- Committee Work. Consider participating on a school or district committee. What’s your passion and where can you have the most impact? As an educator who serves all students, you have a unique perspective. Do you serve on your school’s leadership team? If not, ask for a seat at the table! Other options might be participation on a curriculum committee, professional development committee, recertification committee, wellness committee, or the committee for at-risk students.
- School Board Meetings. Your school board needs to hear from you! Many school boards are comprised of community members who are not educators. They might have (or have had) children go through your school, or perhaps they were students in your school. We need to help them understand what a 21st-century school library looks like, what we do, and how we engage with and serve our learning communities. Make sure you have photos to show them the story of your library. If you’re nervous, bring students with you! When I have attended school board meetings in the past, I remind myself that my presentation is probably the most exciting part of their evening ahead. And, because I have established a relationship with my school board, I always bring some of our old and outdated, discarded books, and pass them out as party favors at the conclusion of my presentation. My selection of the “best of the worst” always brings a laugh, while raising their awareness about why we weed the library and need a healthy budget for new books!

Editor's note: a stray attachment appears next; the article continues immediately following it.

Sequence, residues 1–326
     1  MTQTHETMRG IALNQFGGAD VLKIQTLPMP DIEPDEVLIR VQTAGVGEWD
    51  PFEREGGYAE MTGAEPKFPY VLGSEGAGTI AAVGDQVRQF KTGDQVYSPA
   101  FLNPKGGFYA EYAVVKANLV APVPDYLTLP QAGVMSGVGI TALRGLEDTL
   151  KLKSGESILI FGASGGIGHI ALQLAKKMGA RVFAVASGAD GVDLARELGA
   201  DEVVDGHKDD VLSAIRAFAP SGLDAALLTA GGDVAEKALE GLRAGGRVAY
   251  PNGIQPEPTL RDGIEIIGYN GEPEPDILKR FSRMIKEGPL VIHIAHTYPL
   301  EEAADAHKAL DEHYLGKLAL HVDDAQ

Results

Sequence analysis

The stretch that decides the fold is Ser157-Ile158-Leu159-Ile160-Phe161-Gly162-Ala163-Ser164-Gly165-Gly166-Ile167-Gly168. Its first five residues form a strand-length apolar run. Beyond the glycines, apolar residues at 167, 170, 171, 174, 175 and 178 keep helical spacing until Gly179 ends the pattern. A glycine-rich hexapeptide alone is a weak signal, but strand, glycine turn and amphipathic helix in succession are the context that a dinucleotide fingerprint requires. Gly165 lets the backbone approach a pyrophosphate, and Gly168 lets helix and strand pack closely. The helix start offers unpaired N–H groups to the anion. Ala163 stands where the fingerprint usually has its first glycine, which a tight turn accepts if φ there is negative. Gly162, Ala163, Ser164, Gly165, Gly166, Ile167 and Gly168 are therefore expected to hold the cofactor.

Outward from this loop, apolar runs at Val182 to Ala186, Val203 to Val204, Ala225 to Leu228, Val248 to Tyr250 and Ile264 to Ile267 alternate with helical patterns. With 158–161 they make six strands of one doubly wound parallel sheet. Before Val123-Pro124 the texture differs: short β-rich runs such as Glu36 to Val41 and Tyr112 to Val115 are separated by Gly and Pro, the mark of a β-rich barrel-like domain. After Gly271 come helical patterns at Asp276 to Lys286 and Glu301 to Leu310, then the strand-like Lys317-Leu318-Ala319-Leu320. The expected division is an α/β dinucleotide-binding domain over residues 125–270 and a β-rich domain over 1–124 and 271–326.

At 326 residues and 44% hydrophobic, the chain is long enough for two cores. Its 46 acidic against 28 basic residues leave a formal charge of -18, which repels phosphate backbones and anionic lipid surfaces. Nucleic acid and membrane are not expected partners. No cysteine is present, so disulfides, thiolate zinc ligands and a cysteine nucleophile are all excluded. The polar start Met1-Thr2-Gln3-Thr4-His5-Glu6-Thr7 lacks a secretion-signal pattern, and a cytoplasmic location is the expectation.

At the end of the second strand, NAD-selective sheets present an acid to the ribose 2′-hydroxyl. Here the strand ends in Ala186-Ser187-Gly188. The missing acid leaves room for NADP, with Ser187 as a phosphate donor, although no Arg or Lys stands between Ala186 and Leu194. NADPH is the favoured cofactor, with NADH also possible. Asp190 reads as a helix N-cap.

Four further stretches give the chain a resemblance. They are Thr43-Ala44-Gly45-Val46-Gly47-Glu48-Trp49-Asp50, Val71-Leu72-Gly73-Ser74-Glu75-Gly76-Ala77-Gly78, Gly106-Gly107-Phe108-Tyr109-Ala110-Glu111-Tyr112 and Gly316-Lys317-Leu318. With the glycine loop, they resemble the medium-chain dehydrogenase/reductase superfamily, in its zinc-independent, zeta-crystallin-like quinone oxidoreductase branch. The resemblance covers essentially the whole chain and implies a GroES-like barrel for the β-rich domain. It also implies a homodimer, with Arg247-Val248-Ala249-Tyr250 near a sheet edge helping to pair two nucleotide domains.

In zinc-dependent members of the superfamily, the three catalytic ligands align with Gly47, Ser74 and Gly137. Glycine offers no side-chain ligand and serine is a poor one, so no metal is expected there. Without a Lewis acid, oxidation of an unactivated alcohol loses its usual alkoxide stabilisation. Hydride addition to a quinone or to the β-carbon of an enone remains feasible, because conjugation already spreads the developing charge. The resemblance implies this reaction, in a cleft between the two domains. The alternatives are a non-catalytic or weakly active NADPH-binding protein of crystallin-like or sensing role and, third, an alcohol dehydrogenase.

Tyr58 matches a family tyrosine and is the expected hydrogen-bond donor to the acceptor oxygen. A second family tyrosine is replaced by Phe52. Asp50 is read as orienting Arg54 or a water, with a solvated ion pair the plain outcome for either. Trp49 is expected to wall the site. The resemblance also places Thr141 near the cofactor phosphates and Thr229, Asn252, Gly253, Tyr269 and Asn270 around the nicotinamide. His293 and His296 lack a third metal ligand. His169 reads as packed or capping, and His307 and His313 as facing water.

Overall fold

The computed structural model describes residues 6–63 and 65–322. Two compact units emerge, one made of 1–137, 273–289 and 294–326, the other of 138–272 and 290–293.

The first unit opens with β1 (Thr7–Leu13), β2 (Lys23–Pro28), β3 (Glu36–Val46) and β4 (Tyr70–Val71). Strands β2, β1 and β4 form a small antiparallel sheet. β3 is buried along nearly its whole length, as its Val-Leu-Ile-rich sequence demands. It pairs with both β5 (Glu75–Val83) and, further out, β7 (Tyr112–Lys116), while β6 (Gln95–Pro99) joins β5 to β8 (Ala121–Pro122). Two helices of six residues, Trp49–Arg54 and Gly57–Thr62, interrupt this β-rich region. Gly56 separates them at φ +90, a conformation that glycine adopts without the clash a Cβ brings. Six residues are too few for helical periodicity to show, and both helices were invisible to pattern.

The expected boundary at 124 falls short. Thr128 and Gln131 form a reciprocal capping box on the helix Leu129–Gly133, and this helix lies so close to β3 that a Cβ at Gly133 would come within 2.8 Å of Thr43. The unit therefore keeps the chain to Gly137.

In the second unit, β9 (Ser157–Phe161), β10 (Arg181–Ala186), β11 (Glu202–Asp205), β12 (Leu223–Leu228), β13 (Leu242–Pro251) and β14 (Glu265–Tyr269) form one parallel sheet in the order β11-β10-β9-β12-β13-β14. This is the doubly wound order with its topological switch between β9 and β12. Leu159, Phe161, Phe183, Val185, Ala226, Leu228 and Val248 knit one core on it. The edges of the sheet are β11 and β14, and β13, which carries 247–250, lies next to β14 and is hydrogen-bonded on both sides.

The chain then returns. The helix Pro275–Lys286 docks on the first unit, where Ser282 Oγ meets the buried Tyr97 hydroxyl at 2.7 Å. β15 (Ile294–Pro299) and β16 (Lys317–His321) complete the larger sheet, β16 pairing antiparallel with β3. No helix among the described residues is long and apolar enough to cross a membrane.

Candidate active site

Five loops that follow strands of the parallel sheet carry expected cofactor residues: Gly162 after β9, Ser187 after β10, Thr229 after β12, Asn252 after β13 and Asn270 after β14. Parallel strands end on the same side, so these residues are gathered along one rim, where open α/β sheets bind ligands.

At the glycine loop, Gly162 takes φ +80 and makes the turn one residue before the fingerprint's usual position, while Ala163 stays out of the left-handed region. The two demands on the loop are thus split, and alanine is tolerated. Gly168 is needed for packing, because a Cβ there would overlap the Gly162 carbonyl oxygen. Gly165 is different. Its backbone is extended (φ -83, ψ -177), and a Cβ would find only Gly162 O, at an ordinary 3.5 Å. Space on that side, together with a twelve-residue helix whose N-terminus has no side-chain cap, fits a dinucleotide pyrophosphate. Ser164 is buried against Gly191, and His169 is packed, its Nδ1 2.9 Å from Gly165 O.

Of the list above, what’s something you could do this week to promote your school library? There is no time like the present to start building your personal advocacy toolkit! Start with the resources listed below, or browse this collection that I curated in Wakelet. Comment with any of your advocacy tips and tricks, or any advocacy actions you can share with our readership!
AASL’s Advocacy Toolkits–Don’t miss the Research and Statistics page, including the Working Together is Working Smarter infographic; and the Tools page, including the Strong School Libraries Build Strong Students infographic. There is much more to explore here!
Maine State Library’s School Library Value Calculator–An interactive calculator to determine the estimated out-of-pocket value of the services you provide in your school library.
“Why school librarians matter: What years of research tell us” (Lance and Kachel, 2018)–Outlining research and impact studies, this comprehensive, current article is helpful to keep handy in your files, and to share with stakeholders, including your school and district leaders.
Author: Iris Eichenlaub
Iris Eichenlaub is the Librarian/Technology Integrator at Camden Hills Regional High School in Rockport, Maine. She is the 2017 Knox County Teacher of the Year, and was named an Inspiring Educator in 2017 by the Maine Education Association. Iris serves on the board of the Maine Association of School Libraries as the chair of professional development. Follow the story of the Edna St. Vincent Millay Library via Facebook (@ESVMLibrary or https://www.facebook.com/ESVMLibrary) or Instagram (@ESVM_Library or https://www.instagram.com/esvm_library).